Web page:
I am not a black man, just in case you haven’t looked at the icon associated with the author of this little treatise. That said, during my attendance at the 38th Annual Freedom From Religion Foundation convention, held the weekend of 9 October, 2015, I was privileged to watch a film made by one Jeremiah Camara: Contradiction: A Question of Faith. This work takes an unblinking look at black society and its hand-in-glove association with Christianity, church attendance, a near-mandatory belief in god and what those things have done and not done for them. Camara does man/woman-on-the-street interviews with black believers and non-believers, including Martin Luther King III at one end of the spectrum and atheist rapper Greydon Square at the other, with plenty of variety inside that continuum. He draws out their opinions and asks pointed questions as to just WHY religious belief is so integral to the black community, why it is seen as so essential, and most importantly, why in the long view it has had apparently no positive effect.
Personally, I came away from the film frustrated, feeling put in a position of knowing something of importance but not really being able to help. A white man trying to tell black people that they have a problem will generally not have much in the way of credibility as it comes to an issue like this, yet it doesn’t change the fact that I do want to at least try.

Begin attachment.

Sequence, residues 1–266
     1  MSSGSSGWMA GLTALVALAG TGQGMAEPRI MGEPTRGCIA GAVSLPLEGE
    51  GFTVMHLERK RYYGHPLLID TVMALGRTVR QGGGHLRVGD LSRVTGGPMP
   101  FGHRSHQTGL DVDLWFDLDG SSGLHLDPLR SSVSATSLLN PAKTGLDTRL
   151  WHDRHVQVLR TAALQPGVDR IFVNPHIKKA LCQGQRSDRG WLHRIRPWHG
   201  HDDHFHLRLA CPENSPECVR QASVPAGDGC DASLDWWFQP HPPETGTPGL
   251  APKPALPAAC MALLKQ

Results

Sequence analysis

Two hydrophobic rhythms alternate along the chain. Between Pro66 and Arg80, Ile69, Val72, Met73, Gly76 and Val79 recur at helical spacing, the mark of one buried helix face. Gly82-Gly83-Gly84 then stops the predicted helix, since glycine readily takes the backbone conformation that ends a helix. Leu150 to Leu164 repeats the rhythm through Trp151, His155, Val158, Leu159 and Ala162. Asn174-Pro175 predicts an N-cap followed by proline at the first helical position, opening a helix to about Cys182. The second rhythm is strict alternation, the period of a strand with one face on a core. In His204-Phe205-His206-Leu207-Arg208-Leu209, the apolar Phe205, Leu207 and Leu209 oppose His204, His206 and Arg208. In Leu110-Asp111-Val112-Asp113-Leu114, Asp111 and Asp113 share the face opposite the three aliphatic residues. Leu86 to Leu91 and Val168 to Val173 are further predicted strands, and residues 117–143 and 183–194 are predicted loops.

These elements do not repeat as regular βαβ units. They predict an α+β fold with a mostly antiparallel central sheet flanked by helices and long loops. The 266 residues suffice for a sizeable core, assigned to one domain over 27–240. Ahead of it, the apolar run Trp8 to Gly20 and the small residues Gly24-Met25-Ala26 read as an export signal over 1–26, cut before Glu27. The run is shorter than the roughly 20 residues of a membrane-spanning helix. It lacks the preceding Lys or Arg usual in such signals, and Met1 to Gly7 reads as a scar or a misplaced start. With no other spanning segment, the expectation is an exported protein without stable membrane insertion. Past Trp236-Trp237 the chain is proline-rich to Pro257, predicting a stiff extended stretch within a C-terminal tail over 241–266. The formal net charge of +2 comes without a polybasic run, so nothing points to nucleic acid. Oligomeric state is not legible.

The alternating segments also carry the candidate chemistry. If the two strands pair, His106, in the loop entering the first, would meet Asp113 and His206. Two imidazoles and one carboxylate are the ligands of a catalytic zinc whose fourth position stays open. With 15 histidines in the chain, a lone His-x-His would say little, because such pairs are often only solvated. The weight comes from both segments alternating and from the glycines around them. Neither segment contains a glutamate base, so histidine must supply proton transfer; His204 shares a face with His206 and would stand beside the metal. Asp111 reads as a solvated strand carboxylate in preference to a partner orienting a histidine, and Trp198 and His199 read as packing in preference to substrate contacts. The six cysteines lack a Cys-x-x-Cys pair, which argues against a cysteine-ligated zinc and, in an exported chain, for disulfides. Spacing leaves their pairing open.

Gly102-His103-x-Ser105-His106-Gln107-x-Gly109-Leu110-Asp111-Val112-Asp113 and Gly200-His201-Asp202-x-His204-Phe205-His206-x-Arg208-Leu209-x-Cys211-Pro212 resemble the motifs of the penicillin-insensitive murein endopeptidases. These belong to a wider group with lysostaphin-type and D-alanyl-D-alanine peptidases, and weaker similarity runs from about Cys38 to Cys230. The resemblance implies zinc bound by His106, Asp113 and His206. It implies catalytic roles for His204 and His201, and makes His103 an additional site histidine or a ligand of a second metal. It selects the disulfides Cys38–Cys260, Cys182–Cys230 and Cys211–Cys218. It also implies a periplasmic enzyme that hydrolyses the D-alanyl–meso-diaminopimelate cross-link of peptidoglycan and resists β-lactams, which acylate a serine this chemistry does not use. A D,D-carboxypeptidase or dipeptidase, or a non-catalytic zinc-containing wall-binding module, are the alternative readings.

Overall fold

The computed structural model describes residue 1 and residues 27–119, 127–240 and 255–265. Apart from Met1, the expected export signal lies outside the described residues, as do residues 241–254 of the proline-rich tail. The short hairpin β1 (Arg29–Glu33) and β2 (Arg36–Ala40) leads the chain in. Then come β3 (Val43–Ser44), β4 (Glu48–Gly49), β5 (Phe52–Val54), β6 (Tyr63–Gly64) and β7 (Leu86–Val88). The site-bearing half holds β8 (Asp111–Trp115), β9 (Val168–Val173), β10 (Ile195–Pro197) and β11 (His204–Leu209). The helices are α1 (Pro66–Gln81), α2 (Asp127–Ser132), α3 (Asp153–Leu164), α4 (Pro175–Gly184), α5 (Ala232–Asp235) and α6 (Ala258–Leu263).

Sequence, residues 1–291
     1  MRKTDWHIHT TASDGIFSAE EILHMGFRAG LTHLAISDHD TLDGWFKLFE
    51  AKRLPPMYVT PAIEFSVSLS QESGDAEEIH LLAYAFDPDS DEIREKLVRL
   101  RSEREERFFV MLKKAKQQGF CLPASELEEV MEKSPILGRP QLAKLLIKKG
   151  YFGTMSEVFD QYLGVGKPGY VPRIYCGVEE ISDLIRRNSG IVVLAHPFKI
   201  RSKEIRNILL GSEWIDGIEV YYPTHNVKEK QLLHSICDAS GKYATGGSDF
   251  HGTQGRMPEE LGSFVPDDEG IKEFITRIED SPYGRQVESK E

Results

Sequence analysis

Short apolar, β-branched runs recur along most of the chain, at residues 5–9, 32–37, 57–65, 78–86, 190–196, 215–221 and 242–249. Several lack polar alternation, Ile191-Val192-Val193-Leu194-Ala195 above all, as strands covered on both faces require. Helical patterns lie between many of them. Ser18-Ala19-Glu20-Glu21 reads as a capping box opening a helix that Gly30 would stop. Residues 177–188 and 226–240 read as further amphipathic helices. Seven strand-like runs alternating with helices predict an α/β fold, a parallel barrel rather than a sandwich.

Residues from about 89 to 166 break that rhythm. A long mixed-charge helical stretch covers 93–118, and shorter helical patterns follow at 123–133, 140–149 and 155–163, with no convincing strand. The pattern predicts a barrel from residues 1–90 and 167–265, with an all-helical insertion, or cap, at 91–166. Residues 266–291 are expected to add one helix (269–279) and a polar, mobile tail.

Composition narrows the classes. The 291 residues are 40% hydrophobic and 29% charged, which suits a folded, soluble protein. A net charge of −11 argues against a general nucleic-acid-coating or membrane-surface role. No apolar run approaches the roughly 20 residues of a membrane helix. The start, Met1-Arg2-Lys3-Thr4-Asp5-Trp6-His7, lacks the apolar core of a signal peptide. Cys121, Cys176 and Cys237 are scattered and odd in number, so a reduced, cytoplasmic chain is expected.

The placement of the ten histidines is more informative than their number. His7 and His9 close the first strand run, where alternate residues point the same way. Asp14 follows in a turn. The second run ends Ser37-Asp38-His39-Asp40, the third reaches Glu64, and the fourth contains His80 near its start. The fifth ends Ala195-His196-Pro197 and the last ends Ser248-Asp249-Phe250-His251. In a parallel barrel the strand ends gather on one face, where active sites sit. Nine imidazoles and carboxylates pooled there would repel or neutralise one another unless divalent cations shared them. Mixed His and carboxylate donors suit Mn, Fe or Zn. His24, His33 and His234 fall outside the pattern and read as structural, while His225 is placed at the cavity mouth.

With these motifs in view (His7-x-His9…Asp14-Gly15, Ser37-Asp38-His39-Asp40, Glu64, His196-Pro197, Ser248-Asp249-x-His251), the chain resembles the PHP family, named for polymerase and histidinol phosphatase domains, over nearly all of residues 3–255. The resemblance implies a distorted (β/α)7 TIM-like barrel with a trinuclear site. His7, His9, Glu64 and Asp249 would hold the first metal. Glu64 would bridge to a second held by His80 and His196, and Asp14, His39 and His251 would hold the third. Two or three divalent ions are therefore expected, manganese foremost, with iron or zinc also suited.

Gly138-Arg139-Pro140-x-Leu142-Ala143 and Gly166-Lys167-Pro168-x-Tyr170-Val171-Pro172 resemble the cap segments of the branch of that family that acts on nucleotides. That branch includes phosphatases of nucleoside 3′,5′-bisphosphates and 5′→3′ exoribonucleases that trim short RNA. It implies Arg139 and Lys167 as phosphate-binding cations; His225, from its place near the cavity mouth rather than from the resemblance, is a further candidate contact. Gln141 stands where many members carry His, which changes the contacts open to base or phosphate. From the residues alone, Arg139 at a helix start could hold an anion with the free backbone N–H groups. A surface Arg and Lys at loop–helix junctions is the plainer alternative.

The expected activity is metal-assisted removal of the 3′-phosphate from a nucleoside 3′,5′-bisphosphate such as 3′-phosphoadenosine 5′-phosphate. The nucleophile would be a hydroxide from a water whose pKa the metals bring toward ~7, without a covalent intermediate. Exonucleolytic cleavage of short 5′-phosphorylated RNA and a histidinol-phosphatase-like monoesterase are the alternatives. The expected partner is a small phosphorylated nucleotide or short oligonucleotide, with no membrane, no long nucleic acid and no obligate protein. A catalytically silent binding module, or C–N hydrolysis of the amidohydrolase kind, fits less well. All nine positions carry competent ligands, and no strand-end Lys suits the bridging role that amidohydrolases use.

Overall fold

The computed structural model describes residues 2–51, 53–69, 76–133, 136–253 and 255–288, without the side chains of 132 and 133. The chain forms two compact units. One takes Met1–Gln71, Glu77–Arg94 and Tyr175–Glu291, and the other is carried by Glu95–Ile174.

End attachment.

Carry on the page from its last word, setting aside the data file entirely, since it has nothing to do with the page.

Regardless of the melanin content of your skin, I urge you to see Contradiction. It makes a powerful and persuasive statement, one which may make some people appropriately and justifiably uncomfortable. A good thing, I think – because one can hope that discomfort may lead to change.
Thanks for the comeback, Turk. I hope you get an opportunity to see Contradiction. It is incredibly well done, and it pulls no punches on the topic in question.
You can order the DVD here if you want. It's a bit pricey at $20, but worth it. I intend to add it to my collection soonest.
Maybe, I replied to this already, but I would like to see more because I firmly believe religion in the African American community is like a membership to a club, learned behavior and a subject rarely studied with any depth outside of reading a book that is filled with errors, violence and bad science. Interestingly, I believe that even the closet atheist, humanist, agnostic or non believer knows more about Christaianity than those laying claim to it.
Donald, you hit on a number of the points Jeremiah brings in his film. It is a club, with all but required membership for those it targets, and the indoctrination for what I can see is more pernicious and thorough than many of its fellow organizations.
I'll tell you what I told Turk: See it.